The Evolution of Writing Tools

The first thing I teach my computer tech students is technology has one goal: to make our lives easier. Whether we’re talking simple machines like levers and pulleys or supercomputers to handle complex data sets like weather and climate change, the entire purpose is to make work easy and efficient. Some of those tools may get more complex over time, but they can also handle a lot more of the work.

The same has gone for writing tools. When I wrote the tweet above, I was using Google Docs. Everything is instantly saved, no worrying about losing a few hundred words to a power outage, and I have the added bonus of being able to pick up any machine anywhere and getting back to work right where I left off. Even if my home or work Internet connection goes down, I can keep working offline or open a new connection through my cell phone’s shared data. I’ve even accessed online files on a laptop from the car thanks to my phone.

This was almost unthinkable when my friends and I first started getting serious about our writing some 15-20 years ago. I was hammering away on Professional Write on an old computer at first, then transitioned through WordPerfect, OpenOffice.org, and Pages before settling on Google Docs.

We even have better tools within those apps. Google Docs, for example, has a rich revision history built in for tracking changes to manuscripts rather than having several copies of the same novel or story on several different disks or folders.

I know a few writers who lament how the tools have gotten too complex, and all the menus and clicks just get in their way. However, there are plenty of stripped-down or minimalist writing tools out there, and even they have the ability to share across computers or in different formats.

Speaking of, the end of the format war is probably my favorite outcome of the progress of technology. Results were very spotty going from WordPerfect to Word back in the day, and even going between the same program on PC or Mac could be sketchy. I used OpenOffice.org and Pages to work with editors using Microsoft Word and they never noticed, but it did take a little work and management on my part.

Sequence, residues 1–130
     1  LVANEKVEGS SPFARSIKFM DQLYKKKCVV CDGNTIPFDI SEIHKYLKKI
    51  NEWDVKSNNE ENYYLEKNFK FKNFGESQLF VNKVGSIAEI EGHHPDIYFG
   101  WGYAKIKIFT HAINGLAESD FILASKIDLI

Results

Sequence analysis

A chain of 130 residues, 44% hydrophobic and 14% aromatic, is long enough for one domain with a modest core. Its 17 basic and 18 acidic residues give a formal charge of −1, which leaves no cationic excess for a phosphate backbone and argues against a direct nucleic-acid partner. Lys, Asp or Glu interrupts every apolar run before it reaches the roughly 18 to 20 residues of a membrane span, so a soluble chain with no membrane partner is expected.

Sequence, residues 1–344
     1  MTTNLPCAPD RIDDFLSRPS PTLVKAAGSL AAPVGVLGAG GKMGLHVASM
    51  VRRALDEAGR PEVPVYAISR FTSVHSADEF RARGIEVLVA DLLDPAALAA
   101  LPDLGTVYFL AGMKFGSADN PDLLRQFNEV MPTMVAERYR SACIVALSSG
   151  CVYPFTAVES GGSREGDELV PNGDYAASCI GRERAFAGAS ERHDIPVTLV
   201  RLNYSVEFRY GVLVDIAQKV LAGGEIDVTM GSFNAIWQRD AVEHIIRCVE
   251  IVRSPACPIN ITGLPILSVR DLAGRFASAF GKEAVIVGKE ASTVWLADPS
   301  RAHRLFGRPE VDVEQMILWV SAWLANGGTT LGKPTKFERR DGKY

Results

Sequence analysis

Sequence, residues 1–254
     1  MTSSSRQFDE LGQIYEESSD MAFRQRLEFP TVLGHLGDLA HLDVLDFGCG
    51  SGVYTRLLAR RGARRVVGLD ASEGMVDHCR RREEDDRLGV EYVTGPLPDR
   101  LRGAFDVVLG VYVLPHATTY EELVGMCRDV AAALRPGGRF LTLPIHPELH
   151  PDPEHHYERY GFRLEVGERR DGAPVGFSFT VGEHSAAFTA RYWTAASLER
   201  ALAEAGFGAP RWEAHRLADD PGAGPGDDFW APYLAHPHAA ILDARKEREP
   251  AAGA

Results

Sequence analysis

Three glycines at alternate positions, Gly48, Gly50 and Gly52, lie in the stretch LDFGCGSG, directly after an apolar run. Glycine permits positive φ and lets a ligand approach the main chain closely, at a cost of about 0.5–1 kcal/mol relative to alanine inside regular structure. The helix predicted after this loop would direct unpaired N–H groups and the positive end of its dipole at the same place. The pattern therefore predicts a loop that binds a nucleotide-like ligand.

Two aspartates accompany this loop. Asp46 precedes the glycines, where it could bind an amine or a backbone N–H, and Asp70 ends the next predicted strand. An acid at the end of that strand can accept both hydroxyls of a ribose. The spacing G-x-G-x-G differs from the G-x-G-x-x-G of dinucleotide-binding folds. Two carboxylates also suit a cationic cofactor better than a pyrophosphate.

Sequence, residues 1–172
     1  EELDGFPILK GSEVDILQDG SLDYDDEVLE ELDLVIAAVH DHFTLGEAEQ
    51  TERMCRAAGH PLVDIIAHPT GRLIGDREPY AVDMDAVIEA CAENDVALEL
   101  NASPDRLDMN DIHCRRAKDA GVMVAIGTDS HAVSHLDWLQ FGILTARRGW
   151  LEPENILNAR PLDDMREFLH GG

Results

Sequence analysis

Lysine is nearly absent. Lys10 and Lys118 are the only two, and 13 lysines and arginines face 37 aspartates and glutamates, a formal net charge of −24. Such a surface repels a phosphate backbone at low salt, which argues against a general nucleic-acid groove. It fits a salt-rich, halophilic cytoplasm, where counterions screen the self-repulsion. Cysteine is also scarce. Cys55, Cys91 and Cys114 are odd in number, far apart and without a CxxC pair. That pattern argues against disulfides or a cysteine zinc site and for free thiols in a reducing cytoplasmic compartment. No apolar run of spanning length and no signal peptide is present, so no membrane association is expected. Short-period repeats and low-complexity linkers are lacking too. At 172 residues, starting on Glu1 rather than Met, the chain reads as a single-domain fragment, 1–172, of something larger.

Today? Just about everything opens every format seamlessly. Some editors request .rtf files for safety’s sake, but for the most part, you can send them anything and they should be able to open it. If they’re demanding .doc files, it’s more or less out of habit or because it’s what everyone else does. With Google Docs, one click will send a manuscript to an editor as a .doc anyway.

It’s nice to be able to concentrate on the writing itself and not the fiddly bits that allow it to happen. Which, by the way, is why it’s also nice to write on a Chromebook rather than on a laptop where a hard drive might crash, a virus might derail a few hours of progess, or one has to monkey with drivers and updates causing crashes. With a Chromebook, the writer just opens the lid and gets to work.

Now we’ve almost come full circle. A pencil and paper were crash proof, write-anywhere tools. Now, with Chromebooks and smartphones and Google Docs, we’re just about back to that same level of reliability.

I look forward to seeing what’s next.

About Mike Oliveri

Mike Oliveri is a writer, martial artist, cigar aficionado, motorcyclist, and family man, but not necessarily in that order. He is currently hard at work on the werewolf noir series The Pack for Evileye Books.

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